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Old 11-16-2013, 09:21 AM   #1
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Question Do I have to winterize my TT?

My husband says if we have it plugged in and the heat on we do not need to winterize. I am not so sure about that. Don't want any burst water lines or problems with the water heater. We live in Coastal Washington where it is pretty temperate most times but the temperature can get down to freezing at times. Sometimes it will even get lower than freezing for a short while. We do get times during the winter when we will want to use it, either for guests or to go camping as we can have those stray balmy days where it will be in the 60's and nice. So my questions to all the experts out there is do we need to winterize and if so what do we need to do? We own a 2014 Winndebago Minnie TT with fully enclosed underbelly with ducted heat in the underbelly. Thanks in advance for any insights or help.
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Old 11-16-2013, 09:25 AM   #2
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As long as the heat stays on when it gets below freezing and it stays warm inside (40 deg.) you should be ok. Just like using it in cold temps. if it is kept warm things won't freeze.
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Old 11-16-2013, 11:50 AM   #3
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27-32*F for a few hours is fine. That's how it is in East Texas.
Is your underbelly enclosed, insulated, and heated?
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Old 11-16-2013, 12:11 PM   #4
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You state that your rig has a "fully enclosed underbelly with ducted heat in the underbelly". This is good!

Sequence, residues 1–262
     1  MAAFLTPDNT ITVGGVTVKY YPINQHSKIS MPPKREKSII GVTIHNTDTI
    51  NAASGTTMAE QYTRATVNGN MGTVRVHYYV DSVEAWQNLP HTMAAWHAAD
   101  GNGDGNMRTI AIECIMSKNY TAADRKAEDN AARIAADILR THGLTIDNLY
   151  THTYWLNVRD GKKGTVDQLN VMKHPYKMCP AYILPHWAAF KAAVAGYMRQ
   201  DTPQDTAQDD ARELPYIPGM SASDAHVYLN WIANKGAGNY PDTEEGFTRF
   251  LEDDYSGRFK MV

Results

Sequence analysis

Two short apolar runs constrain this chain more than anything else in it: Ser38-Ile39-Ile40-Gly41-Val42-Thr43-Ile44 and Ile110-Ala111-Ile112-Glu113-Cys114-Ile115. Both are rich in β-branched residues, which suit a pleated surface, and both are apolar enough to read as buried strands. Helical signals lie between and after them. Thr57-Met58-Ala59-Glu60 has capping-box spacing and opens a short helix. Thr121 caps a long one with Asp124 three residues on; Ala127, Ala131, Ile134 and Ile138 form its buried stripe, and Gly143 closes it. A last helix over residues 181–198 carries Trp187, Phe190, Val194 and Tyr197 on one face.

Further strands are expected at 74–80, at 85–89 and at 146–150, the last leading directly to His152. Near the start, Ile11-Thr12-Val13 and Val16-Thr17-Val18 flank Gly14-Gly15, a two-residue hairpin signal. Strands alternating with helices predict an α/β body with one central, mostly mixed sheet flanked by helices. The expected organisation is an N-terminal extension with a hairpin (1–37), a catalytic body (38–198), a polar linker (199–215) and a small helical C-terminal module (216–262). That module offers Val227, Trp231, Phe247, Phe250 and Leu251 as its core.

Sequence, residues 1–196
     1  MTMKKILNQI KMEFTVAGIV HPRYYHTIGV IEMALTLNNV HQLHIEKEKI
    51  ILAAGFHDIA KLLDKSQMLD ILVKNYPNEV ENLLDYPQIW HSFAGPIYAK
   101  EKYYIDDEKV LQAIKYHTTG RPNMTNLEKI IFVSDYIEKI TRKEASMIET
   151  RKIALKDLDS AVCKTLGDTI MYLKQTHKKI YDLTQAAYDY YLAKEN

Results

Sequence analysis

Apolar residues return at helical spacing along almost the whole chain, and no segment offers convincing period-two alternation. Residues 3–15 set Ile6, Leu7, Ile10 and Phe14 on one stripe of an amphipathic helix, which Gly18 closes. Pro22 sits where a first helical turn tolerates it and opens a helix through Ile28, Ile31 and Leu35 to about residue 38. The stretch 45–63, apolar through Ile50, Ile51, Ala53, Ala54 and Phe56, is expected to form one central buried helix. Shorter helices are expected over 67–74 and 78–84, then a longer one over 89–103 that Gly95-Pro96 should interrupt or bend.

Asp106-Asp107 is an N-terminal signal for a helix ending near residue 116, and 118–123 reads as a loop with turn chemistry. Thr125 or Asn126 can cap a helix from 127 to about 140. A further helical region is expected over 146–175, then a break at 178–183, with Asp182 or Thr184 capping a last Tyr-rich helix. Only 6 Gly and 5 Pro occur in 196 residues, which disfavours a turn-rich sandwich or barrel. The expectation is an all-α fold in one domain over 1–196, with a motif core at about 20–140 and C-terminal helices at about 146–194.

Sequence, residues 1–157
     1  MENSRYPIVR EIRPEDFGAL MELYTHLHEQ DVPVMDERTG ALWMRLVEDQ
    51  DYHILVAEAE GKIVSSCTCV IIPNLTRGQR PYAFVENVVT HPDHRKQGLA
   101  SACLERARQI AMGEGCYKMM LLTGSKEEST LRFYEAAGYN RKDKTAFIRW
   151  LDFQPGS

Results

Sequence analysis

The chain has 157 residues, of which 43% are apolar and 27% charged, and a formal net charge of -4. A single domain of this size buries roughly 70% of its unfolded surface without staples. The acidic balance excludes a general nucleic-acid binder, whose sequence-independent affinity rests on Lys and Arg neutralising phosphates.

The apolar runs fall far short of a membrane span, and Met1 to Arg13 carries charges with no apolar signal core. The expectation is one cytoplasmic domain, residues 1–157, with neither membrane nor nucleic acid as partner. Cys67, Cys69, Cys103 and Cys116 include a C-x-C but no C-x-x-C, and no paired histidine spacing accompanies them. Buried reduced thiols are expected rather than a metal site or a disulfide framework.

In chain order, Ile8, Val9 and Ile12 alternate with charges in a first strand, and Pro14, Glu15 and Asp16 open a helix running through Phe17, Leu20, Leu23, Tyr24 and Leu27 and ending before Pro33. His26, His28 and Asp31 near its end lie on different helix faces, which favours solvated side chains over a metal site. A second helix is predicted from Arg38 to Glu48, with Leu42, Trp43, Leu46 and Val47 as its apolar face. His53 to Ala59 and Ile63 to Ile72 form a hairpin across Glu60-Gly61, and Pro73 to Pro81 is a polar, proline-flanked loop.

If it gets too cold outside, I would consider putting a shop light in the wet bay. Couldnt hurt.
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Old 11-16-2013, 12:33 PM   #5
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Yes, you should winterize. We're north of you just outside Vancouver. Pretty much the same climate and everyone here winterizes.

Even if you have a heated and enclosed underbelly (like us too) you still should. You'd have to keep your furnace running a lot to keep it warm underneath and you'd run up a pretty high bill for LP. The underbelly is heated by a run of ducting off the furnace. It's not exactly a high tech. design and it's not evenly distributed.

Some hardy folks camp in the sub-freezing weather but they have taken various steps to do this. For storage, I haven't read of anyone just keeping the furnace on.

TTs just aren't particularly well insulated for sub-freezing temps., unless you've got a 4-seaon insulation package. Your furnace will be running a lot just to keep even a minimum temp. inside.

For the cost of some RV antifreeze, that's going to be way cheaper than keeping the furnace going all winter. You can either blow water out of the plumbing lines with air or draw antifreeze into the lines. I use compressed air, but then I already have an air compressor. You can be fully winterized in about 1/2 hour and it's really quite easy to do. If you need info. on the procedure, just do a search here or ask.

They are predicting a big blast of cold weather and snow coming towards the coast this weekend so I wouldn't wait too long to winterize.
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Old 11-16-2013, 10:03 PM   #6
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I've been successful with this personal rule-of-thumb. When highs reach the 50's and lows stay above 27 the plumbing does not freeze in an unheated RV. Setting the thermostat at 45/50 should eliminate freezing, I would open drawers and cabinet doors for better air circulation to the plumbing.